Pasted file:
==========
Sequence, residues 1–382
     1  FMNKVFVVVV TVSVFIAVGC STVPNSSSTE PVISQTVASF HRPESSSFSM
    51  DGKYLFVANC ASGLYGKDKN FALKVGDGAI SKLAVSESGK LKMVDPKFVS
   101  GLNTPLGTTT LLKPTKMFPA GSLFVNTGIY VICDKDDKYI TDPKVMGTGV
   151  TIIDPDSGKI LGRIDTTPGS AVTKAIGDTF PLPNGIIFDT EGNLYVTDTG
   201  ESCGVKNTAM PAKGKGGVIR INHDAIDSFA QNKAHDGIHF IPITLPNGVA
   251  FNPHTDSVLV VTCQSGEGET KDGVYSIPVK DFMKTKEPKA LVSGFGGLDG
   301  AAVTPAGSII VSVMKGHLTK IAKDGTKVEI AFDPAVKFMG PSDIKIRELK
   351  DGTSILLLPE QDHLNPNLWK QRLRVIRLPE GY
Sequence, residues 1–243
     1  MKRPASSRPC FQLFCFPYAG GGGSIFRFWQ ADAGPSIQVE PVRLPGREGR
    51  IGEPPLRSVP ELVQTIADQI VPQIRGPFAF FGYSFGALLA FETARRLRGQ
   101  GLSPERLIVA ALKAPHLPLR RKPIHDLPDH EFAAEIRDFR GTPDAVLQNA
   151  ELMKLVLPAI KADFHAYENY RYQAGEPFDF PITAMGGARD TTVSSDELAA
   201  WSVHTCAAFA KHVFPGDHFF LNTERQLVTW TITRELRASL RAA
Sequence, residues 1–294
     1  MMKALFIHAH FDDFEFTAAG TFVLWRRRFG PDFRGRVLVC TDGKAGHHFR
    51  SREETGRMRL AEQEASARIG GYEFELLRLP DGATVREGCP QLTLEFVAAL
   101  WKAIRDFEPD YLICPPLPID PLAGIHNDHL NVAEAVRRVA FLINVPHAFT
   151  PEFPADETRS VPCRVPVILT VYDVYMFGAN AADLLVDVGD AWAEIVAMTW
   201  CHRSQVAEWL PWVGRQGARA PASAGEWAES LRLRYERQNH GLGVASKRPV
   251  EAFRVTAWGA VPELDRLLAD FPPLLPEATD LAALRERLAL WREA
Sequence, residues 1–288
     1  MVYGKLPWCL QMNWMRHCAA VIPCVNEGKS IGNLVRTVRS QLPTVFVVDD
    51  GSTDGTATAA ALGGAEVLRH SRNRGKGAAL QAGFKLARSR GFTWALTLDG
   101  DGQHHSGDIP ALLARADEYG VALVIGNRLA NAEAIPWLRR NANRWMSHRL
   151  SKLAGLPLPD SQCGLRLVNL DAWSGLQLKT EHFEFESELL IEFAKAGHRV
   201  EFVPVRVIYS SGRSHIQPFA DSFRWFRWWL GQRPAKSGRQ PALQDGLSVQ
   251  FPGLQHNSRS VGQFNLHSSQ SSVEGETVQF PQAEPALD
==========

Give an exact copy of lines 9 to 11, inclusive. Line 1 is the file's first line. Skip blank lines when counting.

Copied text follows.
   351  DGTSILLLPE QDHLNPNLWK QRLRVIRLPE GY
Sequence, residues 1–243
     1  MKRPASSRPC FQLFCFPYAG GGGSIFRFWQ ADAGPSIQVE PVRLPGREGR